Health

I Lost My Hearing in My Forties. Here’s How I Handled It.

The interesting thing about going deaf is you don’t realize it’s happening.
Photograph by Marek Brzezinski/iStock Photo

The interesting thing about going deaf is you don’t realize it’s happening. It’s impossible to pinpoint when everyone began to mumble, when you ceased hearing your own footsteps clicking down a hall.

“Is it the accents?” my husband asked when I complained that the actors on Downton Abbey spoke too fast. We started watching with subtitles. At the theater, I focused on the beauty of the sets and costumes because—though I would have denied this—I couldn’t follow the dialogue. Meanwhile, car horns and sirens dimmed. Packages didn’t arrive, yet the UPS man insisted he’d rung the bell three times. “Impossible,” I shot back. “I was home.”

My lowest moment came last spring at a reading to promote my first novel. A woman rose and recounted what I later learned was a risqué tale about a CIA spy (the book was an espionage thriller), then asked a question that had the audience in stitches. I squirmed, laughed along, and responded with what was surely a non sequitur, as I’d caught barely a word of what she’d said. In the taxi home, I thought: Enough.

Still, none of this prepared me for sitting in an audiologist’s office at age 43, being told that I suffered severe hearing loss. How severe? In one test, he stood across the room, spoke a series of words in a normal voice, and asked me to repeat them.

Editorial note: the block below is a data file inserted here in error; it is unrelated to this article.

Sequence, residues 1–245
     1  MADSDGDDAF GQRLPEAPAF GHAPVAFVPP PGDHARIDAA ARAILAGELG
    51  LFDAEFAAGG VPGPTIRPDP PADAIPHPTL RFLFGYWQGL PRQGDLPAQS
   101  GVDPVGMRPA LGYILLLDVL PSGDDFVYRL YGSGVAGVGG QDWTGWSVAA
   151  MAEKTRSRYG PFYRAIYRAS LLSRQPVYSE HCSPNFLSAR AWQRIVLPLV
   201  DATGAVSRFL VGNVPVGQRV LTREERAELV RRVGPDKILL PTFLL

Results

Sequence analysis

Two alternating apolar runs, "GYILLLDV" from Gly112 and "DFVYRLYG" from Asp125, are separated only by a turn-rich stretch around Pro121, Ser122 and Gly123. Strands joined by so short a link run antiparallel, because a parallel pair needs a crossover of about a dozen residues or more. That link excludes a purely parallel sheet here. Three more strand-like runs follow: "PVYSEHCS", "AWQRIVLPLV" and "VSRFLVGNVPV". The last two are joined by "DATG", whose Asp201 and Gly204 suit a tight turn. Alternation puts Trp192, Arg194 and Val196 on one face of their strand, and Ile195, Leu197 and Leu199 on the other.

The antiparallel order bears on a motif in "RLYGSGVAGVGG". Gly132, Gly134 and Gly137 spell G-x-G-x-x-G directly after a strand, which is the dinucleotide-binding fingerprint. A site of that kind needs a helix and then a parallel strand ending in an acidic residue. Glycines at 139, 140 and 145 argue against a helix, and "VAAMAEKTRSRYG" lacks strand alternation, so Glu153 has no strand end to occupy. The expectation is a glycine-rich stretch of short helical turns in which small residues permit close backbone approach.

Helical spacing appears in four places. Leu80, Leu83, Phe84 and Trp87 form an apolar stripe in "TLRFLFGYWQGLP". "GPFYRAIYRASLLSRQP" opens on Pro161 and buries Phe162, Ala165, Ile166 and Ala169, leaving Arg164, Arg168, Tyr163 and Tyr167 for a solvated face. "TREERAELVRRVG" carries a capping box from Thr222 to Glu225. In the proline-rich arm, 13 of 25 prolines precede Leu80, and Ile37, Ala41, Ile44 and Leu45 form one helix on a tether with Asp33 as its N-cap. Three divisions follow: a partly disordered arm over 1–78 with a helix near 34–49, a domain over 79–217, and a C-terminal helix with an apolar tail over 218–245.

“Void,” he said.

“Void,” I repeated.

“Ditch,” he said.

“Ditch.”

Out of 20, I got 16. “Not perfect,” I sniffed, “but hardly severe.”

He repeated the test, now holding a sheet of paper before his face.

“Mumble,” he said.

“Um . . . repeat that one?”

“Mumble mumble.”

“Shoelace?”

“Nope. Mumbledy mumble.”

This time, I got 6 out of 20. When I couldn’t see his lips move, I missed 70 percent of what he said.

“How are you even functioning?” he inquired, genuinely mystified.

As a reporter, I’ve spent time on aircraft carriers, in helicopters, in war zones. For two decades, I’ve edited stories on deadline through headphones cranked too loud. But the most likely explanation for my hearing loss? Genetics. My father is hard of hearing. So are his sisters and 96-year-old mother. I’ve long known what loomed in my future—I just hadn’t expected it so early.

My first day with hearing aids, I went about my routine with a sense of wonder. It was astonishing to rediscover that pop songs had words I could sing along to. “Have been bopping to an ’80s dance mix all morning,” I posted on Facebook. “I challenge anyone to deny Debbie Gibson was a genius ahead of her time.” (To which came the inevitable reply: “You need to get your hearing checked.”)

By day two, I was on sensory overload. Starbucks left me near tears—I’d had no idea frothing milk made such a racket. I jogged in Rock Creek Park and for the first time in years didn’t jump every time cyclists whizzed past, because I could hear them coming.

The doctors can’t say whether my hearing has stabilized or will worsen. And hearing aids are an imperfect solution. The experience is different from, say, getting glasses and instantly being able to see. It takes time for the brain to adjust, to relearn the pathways it once knew. You almost never recover all that has been lost.

But you do learn to savor small triumphs. The other day, the UPS driver rang my doorbell and I heard him—and tipped big. I still can’t watch TV without subtitles. But at a play recently, the curtain rose and I slumped in sheer relief at being able to follow the words. Not every line, but enough. I’m holding onto that theater program, a memento of a pleasure once dimmed, now mine once more.

Mary Louise Kelly is a former NPR intelligence correspondent. Her latest novel, “The Bullet,” was just published.

This article appears in our April 2015 issue of Washingtonian.

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